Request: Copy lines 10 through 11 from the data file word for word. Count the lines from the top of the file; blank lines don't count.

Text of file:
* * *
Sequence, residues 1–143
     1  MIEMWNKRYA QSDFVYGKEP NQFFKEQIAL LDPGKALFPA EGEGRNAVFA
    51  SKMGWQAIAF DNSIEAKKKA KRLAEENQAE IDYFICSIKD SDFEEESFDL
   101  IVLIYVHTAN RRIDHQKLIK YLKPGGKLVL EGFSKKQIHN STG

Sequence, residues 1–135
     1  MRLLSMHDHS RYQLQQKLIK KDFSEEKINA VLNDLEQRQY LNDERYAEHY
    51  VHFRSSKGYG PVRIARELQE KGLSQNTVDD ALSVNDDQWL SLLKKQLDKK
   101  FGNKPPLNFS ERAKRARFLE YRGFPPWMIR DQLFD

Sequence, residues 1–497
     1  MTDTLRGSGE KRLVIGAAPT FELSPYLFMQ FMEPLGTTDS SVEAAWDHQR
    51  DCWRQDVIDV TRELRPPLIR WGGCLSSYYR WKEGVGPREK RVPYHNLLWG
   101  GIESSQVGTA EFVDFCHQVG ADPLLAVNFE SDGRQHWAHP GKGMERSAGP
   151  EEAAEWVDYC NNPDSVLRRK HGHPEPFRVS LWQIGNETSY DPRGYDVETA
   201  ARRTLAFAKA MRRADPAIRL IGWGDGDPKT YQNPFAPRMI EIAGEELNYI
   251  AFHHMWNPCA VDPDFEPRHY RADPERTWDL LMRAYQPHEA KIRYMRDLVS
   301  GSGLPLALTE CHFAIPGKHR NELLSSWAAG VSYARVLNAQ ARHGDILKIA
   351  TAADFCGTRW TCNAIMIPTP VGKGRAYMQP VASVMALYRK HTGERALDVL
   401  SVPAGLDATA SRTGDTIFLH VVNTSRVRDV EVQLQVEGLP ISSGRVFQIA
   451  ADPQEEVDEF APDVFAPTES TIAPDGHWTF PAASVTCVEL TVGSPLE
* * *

     1  MTDTLRGSGE KRLVIGAAPT FELSPYLFMQ FMEPLGTTDS SVEAAWDHQR
    51  DCWRQDVIDV TRELRPPLIR WGGCLSSYYR WKEGVGPREK RVPYHNLLWG